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Praise for Ms. X’s Ocean
“These are poems delivered from the dark treasury of what lies beneath the skin—soul news, pain-weary and deep hearted. What defines the regular here is almost unspeakable, and far more cruelly, unbearable, but the poems form a rising testament to the enduring narrator that she can find a personal place to stand in order to tell these stories. In doing so, she is giving word to the wordless, both to herself and to those who are also her. In one poem we share with the speaker the wish for “A moment of yes in a world of no.” Finding that singular yes seems impossible until we realize that the book itself, the entirety of these poems, is that yes, that solid and cooling affirmation, that indescribable something so fearlessly shown and daringly sung loud.”
—Alberto Álvaro Ríos, Arizona Poet Laureate; Chancellor, Academy of American Poets
“The mysterious title of Elizabeth McNeil’s stunning Ms. X’s Ocean invites us in, but watch out! The powerful current of this collection sweeps us off . . . . A searing story surges through these tautly controlled and exquisitely crafted poems. It takes a lifetime to write a book like this, vast and deep as the sea.”
—Cynthia Hogue, author of Revenance; Maxine and Jonathan Marshall Chair in Modern and Contemporary Poetry in English, Arizona State University
“Ms. X’s Ocean is a child self praying curses and pleas. And more curses. To GOD. Not for salvation nor for forgiveness, but for simple gifts like kindness and love. Gentleness. Read Elizabeth McNeil’s Ms. X’s Ocean. You’ll know exactly what I mean.”
—Simon J. Ortiz, Regents’ Professor of English and American Indian Studies, Arizona State University; author of Woven Stone, Out There Somewhere, From Sand Creek
About Ms. X’s Ocean
Like Anne Sexton’s Transformations nearly half a century before her, Ms. X’s Ocean harbors a host mythical revisions—Daphne, Mary Magdalene, the mermaid, the fairytail haired girl—while presenting, in broader strokes, an allegory of contemporary femininity. Scouring the ground of trauma, Ms. X shapeshifts her way through incest, rape, sexual abuse, and abortion, “the meat of [her] turned inside out”. Yet rather than drowning in her misfortune, Ms. X endures with unflinching grimness, driven by the fact that she simply has to survive. With a masterful grasp of imagery and craft—ranging from the ragged grit of hard-boiled noir to the high, transfigurative lyric of an aboriginal dreamtime—McNeil creates a shattered looking-glass, its language sharp as shards, portraying a woman who, through the sheer determination of her self-authorship, through her re-immersion in pure mother earth, finds a way to fit the jagged pieces of herself back together, walking “unafraid at last / into the church of [her] beating heart.”.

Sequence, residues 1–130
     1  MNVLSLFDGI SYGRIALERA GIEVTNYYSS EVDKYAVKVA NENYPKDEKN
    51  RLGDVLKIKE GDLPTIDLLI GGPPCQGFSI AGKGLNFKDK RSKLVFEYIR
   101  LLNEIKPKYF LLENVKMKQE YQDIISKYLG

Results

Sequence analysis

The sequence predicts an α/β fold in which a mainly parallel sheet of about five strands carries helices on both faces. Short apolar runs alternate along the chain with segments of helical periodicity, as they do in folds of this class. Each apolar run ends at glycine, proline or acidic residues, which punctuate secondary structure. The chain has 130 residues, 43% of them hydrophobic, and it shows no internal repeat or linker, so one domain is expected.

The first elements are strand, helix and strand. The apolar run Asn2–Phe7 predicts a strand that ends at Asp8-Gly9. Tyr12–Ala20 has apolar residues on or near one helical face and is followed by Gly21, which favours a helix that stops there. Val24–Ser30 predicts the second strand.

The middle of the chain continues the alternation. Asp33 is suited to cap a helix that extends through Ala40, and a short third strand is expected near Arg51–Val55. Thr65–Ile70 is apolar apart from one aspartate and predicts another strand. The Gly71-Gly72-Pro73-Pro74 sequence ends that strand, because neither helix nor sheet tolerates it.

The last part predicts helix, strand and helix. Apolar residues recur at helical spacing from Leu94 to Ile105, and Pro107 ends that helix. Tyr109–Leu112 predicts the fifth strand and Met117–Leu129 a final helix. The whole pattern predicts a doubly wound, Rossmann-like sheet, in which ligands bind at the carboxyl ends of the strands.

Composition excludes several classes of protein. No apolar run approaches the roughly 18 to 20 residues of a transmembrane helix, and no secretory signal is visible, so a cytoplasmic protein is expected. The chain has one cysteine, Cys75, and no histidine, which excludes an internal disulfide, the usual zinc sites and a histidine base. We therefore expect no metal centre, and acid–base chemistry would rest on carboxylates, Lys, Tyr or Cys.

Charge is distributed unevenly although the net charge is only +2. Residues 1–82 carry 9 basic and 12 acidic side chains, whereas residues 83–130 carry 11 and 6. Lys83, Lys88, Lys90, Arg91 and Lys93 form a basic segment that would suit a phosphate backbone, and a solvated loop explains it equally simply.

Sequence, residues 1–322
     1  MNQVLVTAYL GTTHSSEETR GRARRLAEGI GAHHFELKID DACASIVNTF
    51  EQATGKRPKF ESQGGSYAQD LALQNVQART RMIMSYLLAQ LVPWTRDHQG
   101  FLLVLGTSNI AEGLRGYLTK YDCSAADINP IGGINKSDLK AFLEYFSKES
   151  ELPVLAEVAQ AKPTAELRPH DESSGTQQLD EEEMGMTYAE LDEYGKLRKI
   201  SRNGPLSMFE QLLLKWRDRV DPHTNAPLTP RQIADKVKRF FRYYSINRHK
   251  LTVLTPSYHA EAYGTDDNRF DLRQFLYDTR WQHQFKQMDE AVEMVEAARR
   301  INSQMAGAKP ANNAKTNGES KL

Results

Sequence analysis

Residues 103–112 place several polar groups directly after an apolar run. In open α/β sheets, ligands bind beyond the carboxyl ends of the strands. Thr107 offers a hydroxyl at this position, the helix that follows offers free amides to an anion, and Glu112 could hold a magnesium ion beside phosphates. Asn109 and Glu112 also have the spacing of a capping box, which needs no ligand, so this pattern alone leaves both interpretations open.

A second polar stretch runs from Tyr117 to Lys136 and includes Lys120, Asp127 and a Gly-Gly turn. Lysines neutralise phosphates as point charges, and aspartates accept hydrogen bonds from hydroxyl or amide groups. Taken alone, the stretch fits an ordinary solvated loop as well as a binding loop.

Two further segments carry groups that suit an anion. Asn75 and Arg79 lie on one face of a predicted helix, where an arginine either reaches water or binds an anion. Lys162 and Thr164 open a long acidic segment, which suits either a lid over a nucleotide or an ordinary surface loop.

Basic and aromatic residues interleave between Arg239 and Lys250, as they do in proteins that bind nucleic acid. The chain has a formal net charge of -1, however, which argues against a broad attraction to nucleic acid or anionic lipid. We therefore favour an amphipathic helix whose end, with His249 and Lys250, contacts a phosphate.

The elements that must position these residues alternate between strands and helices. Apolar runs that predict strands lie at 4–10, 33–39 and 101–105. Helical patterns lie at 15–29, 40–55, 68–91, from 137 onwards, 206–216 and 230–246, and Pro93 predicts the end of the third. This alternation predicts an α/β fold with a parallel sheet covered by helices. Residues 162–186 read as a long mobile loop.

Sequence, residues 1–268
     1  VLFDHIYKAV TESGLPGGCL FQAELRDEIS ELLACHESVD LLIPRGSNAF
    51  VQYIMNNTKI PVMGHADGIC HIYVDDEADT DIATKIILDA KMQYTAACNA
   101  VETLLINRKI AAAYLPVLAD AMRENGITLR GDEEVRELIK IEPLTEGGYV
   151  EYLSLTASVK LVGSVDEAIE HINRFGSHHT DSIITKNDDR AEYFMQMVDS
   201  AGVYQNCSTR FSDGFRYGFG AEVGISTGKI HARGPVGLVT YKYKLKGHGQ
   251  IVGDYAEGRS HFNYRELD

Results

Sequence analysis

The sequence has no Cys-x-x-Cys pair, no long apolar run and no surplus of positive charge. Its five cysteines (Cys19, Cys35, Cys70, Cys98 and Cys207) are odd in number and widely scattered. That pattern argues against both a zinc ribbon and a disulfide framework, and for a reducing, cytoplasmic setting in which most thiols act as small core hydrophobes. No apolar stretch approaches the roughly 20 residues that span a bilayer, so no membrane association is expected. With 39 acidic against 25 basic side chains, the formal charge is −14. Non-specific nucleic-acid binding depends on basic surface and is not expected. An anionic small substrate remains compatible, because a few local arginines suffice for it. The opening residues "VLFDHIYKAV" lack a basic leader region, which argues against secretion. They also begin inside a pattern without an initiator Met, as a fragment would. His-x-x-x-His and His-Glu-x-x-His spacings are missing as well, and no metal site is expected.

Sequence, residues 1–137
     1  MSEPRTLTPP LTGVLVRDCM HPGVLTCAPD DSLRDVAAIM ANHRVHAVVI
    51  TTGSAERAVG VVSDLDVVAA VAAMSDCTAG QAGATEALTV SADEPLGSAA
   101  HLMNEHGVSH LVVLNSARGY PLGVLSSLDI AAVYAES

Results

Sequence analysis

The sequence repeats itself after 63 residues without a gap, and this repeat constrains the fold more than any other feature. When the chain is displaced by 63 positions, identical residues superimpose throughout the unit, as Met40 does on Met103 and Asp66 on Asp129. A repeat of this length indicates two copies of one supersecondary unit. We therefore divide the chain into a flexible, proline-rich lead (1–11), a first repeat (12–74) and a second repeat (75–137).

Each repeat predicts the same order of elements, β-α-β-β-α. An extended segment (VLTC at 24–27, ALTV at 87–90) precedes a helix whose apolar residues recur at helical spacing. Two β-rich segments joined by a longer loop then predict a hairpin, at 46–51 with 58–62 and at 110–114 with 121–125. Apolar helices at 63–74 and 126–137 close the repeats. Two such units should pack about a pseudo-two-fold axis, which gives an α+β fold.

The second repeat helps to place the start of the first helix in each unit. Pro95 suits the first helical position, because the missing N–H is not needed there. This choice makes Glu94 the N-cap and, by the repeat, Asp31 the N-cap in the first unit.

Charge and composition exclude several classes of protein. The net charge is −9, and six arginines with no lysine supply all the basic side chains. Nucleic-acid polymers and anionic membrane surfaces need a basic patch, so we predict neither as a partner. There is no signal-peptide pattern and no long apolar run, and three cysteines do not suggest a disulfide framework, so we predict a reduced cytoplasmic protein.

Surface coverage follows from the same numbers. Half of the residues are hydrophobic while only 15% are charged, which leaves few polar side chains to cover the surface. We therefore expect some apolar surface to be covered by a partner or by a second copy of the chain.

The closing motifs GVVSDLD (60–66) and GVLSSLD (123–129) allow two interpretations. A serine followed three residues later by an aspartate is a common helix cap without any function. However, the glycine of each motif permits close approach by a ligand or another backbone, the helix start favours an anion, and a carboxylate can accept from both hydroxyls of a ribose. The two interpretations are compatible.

About the Author
Elizabeth McNeil is an instructor in Languages and Cultures at Arizona State University. She also teaches memoir and poetry writing in the greater community, working with children, veterans, inmates, church groups, and writers over fifty. She has published numerous scholarly and creative works, including poetry in Hayden’s Ferry Review, Fourteen Hills, Flyway, and the Chaminade Literary Review, among other journals; the award-winning chapbook Why We Need to Come Home (Butte County Poetry Center & Press, 1988); a monograph, Trickster Discourse: Mediating Transformation for a New World (Lambert, 2010); and, as lead editor, two scholarly collections with Palgrave Macmillan, Sapphire’s Literary Breakthrough: Erotic Literacies, Feminist Pedagogies, Environmental Justice Perspectives (2012), nominated for the 2013 Association of American Colleges and Universities’ Frederic W. Ness Book Award for an outstanding book that “contributes to the understanding and improvement of liberal education,” and Mapping Queer Space(s) of Praxis and Pedagogy (Queer Studies in Education Series, 2017).